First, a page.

Amazon has had a dramatic Prime Day, from Jeff Bezos becoming the richest person recorded in modern history, to several users globally facing a site crash. To add to all this commotion, Amazon workers in Europe found the perfect day to go on a strike.
According to a report by The Washington Post, close to 1,800 Amazon workers in Spain went on strike on 16 July and thousands of more employees in Germany are expected to walk off their jobs on 17 July. Comisiones Obreras and Verdi services union, are the two unions that represent the warehouse workers. They have said that they primarily want three things – better working conditions, pay and health benefits.
Verdi Union's spokeswoman Stefanie Nutzenberger said in a statement on their website that, "the message is clear — while the online giant gets rich, it is saving money on the health of its workers,” demanding for labour contracts that guarantee healthy working conditions by the e-commerce giant.
Meanwhile, the Spanish workers at Amazon are on a three-day strike, and workers in Poland will stage a work slowdown, known as work-to-rule.
Amazon spokeswoman Melanie Etches via an email correspondence with The Washington Post has said that the company is committed to providing workers with “positive working conditions" and that “Amazon is a fair and responsible employer and as such we are committed to dialogue, which is an inseparable part of our culture."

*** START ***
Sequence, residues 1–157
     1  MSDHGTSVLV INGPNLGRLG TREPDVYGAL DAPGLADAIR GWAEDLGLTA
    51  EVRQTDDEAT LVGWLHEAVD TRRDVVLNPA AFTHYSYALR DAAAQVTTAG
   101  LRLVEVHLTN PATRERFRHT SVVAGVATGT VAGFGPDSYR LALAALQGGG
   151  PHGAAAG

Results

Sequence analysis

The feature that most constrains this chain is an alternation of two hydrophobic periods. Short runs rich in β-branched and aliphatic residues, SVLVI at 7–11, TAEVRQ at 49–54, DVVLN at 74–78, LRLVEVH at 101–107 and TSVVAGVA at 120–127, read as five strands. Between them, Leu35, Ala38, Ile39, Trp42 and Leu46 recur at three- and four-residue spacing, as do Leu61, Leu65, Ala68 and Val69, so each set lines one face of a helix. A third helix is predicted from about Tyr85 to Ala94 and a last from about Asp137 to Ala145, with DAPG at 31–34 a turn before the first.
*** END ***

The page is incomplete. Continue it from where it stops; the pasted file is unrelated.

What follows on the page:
Amazon's flagship Prime Day sale which kickstarted four years ago offered massive discounts across various product categories. The 36-hour sale will offer fast-track delivery exclusively to its Prime subscribers. In India, it took place for the second year in a row and is massively popular amongst customers.
While the sale was going on shoppers in the US and elsewhere in the world inevitably, struggled to access the website, and it had incredible traffic. Many customers reported that they were being shown an error message that read: "sorry, something went wrong on our end", reports the BBC.
With inputs from Reuters